Today’s factismal: A male otter is called a meowter.
If you think that “weasel” is a bad word, then you’ve never met an otter. There’s a good reason that a group of otters is called a “romp”, and when they do romp, these members of the weasel family are among the cutest and most playful critters on Earth. The river otter will build a mud slide into the nearest river with his friends and spend hours sliding down into the water and running back up to slide down again. When they get bored with that, they’ll wrestle each other as they practice catching fish. In winter, they will bellyflop in the snow in between quick dips into the water to hunt for fish (their main staple).
Of course, life for an otter isn’t all fun and games. Because they spend so much time in the water, they have exceptionally high metabolic rates which means that they spend a lot of their time hunting for food. River otters, which are common across North America, eat a combination of small fish, crawfish, and molluscs; when those goodies are scarce, they’ll make do with fruits and insects. And river otters frequently hunt in groups; this isn’t surprising, considering that they are among the most social of all otters. A river otter typically either lives as part of a group headed by a mature female (known, appropriately enough, as a “queen”) or as a member of a nearby bachelor colony filled with hopeful meowters. The males will sometimes help with the inevitable childcare, but are far from faithful; a meowter might call on as many as ten different queens during mating season.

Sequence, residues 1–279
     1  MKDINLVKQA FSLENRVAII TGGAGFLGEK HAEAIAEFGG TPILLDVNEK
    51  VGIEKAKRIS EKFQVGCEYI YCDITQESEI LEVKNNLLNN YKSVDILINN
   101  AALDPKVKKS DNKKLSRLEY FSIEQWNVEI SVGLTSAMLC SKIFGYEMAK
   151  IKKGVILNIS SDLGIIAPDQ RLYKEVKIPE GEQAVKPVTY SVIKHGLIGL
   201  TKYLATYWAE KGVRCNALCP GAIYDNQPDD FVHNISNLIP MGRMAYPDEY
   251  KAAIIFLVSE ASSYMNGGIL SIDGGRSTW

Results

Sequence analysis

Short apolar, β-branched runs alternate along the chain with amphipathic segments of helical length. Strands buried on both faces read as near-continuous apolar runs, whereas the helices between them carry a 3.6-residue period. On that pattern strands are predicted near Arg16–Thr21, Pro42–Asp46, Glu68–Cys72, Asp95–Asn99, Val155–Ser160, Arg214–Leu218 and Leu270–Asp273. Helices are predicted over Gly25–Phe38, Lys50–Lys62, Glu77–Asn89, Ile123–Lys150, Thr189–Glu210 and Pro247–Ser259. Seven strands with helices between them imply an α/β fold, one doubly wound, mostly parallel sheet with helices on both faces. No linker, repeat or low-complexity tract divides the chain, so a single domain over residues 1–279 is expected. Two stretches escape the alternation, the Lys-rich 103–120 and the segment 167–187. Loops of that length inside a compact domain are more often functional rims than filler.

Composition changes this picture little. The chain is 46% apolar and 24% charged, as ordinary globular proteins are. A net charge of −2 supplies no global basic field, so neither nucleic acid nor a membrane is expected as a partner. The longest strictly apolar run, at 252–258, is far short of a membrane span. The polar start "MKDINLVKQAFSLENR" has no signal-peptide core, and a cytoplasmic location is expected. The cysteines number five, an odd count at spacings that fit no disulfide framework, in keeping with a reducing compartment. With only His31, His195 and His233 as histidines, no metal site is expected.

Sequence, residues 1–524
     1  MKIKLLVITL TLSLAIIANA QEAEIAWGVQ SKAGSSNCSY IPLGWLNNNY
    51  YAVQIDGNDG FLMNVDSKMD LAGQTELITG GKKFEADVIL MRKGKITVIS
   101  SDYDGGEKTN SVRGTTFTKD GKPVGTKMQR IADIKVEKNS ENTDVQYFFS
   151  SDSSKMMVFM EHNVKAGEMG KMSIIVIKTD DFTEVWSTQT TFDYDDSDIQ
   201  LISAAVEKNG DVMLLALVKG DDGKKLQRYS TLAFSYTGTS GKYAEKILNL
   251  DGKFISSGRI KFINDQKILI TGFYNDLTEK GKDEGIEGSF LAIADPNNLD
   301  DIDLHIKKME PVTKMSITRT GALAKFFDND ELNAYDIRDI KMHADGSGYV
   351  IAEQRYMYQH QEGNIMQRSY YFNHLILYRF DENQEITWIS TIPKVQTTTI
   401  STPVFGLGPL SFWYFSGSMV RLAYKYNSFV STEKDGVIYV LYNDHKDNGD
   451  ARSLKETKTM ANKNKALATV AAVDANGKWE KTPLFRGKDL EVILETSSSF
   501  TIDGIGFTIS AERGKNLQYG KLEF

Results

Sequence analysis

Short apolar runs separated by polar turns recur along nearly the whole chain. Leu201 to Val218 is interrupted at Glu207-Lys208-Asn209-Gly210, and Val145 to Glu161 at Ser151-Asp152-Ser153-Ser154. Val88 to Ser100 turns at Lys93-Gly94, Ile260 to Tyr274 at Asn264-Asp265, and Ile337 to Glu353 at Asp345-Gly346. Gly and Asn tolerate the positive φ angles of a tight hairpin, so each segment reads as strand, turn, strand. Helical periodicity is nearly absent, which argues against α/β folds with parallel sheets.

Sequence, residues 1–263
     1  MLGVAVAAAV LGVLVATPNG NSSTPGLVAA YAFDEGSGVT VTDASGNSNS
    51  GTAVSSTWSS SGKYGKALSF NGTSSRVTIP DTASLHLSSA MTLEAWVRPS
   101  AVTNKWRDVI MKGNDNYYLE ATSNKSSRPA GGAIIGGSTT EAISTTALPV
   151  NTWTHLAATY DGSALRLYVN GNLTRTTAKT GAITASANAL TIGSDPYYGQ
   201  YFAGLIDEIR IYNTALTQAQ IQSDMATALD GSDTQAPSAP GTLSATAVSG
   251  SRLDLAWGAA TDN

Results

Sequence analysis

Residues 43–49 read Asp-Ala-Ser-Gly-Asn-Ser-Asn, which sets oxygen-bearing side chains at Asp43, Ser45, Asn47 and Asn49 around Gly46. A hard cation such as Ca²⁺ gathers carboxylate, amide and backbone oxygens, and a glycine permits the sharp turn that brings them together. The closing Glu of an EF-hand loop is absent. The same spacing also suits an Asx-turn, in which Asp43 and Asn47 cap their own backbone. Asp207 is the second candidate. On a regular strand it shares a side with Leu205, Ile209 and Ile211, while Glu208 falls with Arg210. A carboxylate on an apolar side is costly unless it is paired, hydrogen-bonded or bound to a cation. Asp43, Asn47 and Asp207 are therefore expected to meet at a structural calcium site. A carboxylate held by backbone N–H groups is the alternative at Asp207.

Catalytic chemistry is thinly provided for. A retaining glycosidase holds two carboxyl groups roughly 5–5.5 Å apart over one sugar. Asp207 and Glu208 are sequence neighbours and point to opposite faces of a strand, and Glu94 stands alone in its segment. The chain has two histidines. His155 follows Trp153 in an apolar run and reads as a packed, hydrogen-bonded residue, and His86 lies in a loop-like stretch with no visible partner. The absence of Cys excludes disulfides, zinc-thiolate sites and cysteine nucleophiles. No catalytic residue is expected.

Of course, there’s a downside to being a river otter. Because they are perpetually hungry, they frequently eat all of the available food in an area and must migrate to someplace where the fish are more plentiful. And that causes problems for researchers; there is nothing more frustrating than heading out to look at your favorite romp only to discover that they’ve moved without leaving a forwarding address. Fortunately, researchers have a secret weapon: citizen scientists like you. If you spot a river otter, then why not take a picture of it and send it to the Otter Spotter website? You won’t get a tasty raw fish, but you will get the satisfaction of knowing that you’ve helped us learn more about one of nature’s funnest and furriest!